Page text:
Collective trauma describes the emotional and mental reactions to a devastating event that affects an entire group, country, or population. Fear, anxiety, grief, and depression are the most common symptoms of collective trauma. However, the intensity of the impact of the tragedy, and therefore of the collective trauma symptoms, may be different for different people, depending on a wide range of factors. The coronavirus, for example, has disproportionally affected people of color and people of lower socioeconomic status.

In addition, events that catalyze collective may permanently shift the way those affected see themselves—not only as individuals but also as a society or a group. Studies show that the impact of collective trauma on future generations includes greater individual and collective fear, heightened alertness for new threats, damaged national pride, and increased feelings of vulnerability. Research on the long-term collective impact of past disease outbreaks, including SARS and Ebola, shows increases in panic, depression, hopelessness, anxiety, stress, grief, and collective PTSD.

Causes of Collective Trauma

As with other kinds of trauma, any event or ongoing situation that represents a significant threat to a group’s health, safety, and well-being can cause collective trauma. Examples of the types of traumatic events that catalyze collective trauma include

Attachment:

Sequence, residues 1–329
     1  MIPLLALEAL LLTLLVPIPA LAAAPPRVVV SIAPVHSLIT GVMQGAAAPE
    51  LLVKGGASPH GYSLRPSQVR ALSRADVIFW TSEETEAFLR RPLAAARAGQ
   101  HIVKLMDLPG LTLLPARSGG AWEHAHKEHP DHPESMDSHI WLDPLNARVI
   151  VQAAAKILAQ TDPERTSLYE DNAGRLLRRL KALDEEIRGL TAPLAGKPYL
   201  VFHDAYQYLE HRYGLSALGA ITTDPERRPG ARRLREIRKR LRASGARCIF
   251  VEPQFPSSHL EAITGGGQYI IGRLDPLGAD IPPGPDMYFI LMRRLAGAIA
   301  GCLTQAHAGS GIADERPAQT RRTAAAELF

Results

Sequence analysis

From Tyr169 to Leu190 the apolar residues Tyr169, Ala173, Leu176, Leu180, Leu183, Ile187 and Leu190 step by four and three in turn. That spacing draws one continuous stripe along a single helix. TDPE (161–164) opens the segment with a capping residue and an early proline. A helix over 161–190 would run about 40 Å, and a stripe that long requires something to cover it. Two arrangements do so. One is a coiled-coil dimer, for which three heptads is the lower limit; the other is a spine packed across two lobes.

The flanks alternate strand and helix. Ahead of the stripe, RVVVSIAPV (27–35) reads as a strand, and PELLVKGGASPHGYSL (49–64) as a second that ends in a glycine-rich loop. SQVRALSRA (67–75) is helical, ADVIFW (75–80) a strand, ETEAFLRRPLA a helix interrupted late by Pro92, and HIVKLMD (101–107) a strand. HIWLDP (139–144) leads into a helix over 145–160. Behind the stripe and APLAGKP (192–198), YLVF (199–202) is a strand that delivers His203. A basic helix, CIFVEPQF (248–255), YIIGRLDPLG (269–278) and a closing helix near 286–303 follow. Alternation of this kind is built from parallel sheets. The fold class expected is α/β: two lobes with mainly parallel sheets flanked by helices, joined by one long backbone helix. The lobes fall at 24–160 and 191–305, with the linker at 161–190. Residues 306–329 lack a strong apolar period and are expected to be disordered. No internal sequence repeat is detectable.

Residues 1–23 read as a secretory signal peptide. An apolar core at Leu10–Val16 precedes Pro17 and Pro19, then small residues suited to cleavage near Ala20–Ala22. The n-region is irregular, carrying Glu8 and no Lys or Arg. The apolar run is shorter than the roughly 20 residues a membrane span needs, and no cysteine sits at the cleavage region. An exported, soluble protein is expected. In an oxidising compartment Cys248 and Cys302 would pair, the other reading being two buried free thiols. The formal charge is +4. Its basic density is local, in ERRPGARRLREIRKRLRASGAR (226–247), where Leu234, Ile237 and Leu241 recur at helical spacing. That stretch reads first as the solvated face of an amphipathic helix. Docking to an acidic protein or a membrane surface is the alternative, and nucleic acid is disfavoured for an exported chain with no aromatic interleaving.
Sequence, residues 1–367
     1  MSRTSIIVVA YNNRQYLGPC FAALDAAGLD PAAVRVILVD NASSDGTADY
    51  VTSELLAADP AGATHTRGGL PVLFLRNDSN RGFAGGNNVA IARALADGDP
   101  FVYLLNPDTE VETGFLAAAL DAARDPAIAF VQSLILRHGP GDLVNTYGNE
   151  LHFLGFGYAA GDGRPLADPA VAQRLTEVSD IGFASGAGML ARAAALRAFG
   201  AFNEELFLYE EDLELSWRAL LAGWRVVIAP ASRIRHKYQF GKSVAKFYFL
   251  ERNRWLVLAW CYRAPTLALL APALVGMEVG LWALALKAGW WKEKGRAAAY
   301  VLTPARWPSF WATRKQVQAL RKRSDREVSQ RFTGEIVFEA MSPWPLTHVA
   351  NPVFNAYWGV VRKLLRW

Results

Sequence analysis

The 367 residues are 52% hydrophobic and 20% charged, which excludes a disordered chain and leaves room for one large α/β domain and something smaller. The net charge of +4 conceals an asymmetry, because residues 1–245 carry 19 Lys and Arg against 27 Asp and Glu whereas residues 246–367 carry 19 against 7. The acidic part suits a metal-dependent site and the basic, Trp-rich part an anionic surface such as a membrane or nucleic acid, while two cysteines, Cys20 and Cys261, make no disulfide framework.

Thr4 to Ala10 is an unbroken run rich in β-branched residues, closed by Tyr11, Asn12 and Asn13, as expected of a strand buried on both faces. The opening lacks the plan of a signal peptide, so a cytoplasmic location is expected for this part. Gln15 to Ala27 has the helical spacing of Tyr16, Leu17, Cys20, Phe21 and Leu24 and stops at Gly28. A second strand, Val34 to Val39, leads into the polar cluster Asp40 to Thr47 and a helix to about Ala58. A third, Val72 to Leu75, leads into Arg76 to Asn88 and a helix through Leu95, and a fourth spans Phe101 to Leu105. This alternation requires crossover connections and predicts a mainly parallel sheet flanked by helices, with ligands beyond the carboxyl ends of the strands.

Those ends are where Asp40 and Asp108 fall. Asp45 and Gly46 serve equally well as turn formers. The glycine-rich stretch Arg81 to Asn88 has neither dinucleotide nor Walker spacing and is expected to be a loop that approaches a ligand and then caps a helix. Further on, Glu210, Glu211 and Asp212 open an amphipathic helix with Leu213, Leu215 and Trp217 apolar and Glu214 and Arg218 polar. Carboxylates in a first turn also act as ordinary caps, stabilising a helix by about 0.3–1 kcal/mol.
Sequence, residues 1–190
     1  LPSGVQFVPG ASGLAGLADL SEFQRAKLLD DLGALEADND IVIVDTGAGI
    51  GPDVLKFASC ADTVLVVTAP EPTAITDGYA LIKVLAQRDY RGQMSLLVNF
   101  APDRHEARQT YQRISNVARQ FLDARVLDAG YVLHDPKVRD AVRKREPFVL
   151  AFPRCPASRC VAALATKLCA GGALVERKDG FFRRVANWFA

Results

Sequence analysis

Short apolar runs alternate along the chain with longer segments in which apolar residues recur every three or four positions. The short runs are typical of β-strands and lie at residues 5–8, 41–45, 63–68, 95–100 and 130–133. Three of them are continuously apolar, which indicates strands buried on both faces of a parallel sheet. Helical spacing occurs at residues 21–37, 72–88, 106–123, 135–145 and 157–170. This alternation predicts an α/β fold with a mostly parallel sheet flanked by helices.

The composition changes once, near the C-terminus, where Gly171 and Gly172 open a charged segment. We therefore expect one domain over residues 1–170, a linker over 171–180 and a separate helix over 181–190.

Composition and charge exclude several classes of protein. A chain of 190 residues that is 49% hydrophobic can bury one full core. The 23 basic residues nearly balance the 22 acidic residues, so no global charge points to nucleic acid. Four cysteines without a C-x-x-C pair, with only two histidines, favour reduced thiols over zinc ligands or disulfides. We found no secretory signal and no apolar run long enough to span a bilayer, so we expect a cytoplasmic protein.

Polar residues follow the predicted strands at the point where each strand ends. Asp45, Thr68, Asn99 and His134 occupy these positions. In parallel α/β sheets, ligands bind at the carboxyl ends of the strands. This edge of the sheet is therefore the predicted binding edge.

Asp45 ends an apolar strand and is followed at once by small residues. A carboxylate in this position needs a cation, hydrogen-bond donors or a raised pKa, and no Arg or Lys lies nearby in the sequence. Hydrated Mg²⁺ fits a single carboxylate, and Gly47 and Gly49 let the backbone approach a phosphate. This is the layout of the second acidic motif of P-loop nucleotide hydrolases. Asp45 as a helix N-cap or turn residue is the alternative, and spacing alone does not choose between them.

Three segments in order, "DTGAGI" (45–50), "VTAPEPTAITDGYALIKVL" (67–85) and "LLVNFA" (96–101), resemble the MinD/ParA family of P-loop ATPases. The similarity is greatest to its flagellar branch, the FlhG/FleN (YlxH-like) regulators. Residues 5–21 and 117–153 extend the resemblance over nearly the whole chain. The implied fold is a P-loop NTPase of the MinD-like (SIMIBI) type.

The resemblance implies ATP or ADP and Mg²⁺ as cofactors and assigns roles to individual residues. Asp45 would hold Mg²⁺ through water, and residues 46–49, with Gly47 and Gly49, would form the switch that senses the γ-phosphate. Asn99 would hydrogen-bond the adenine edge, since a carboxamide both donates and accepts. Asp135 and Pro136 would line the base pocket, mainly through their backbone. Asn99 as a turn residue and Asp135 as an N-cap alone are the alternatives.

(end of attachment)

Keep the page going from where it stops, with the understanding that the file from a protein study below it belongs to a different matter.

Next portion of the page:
• Pandemics, such as COVID-19
  • Wars and military conflicts
  • Terrorist attacks, like 9/11
  • Natural disasters
  • Economic disasters, such as the Great Depression
  • Mass shootings
  • Genocide—for example, the Holocaust.

Research on the Impact of Collective Trauma in 2020

Before COVID, adolescents were already experiencing the highest levels of anxiety, depression, and suicide in recorded history. And research is showing that this teen mental health crisis has only been exacerbated by collective trauma. During two weeks in late April and early May 2020, America’s Promise—the nation’s largest cross-sector alliance of nonprofit, community organizations, businesses, and government organization dedicated to improving the lives of young people—conducted a survey of 3,300 young people. Their findings included the following data:

  • High school students’ levels of concern 
about the present and future have increased
  • 30 percent of young people surveyed said they feel unhappy or depressed more often
  • More than 25 percent reported not sleeping well, feeling constantly under strain, or experiencing a loss of confidence in themselves
  • 29 percent reported that they that felt disconnected from their classmates, their teachers, and their school community.

Symptoms of Collective Trauma in Teens

Signs of adolescent trauma include

  • Hopelessness
  • Sadness
  • Difficulty sleeping
  • Suicidal thoughts
  • A lack of interest in activities they used to enjoy.

Treatment for Teen Trauma

An assessment by a mental health professional or healthcare provider can determine whether treatment is required. Treatment approaches for teen trauma include

If your teen is experiencing symptoms of anxiety, depression, or trauma, Newport Academy can help. Visit to learn more about our integrated approach to trauma treatment.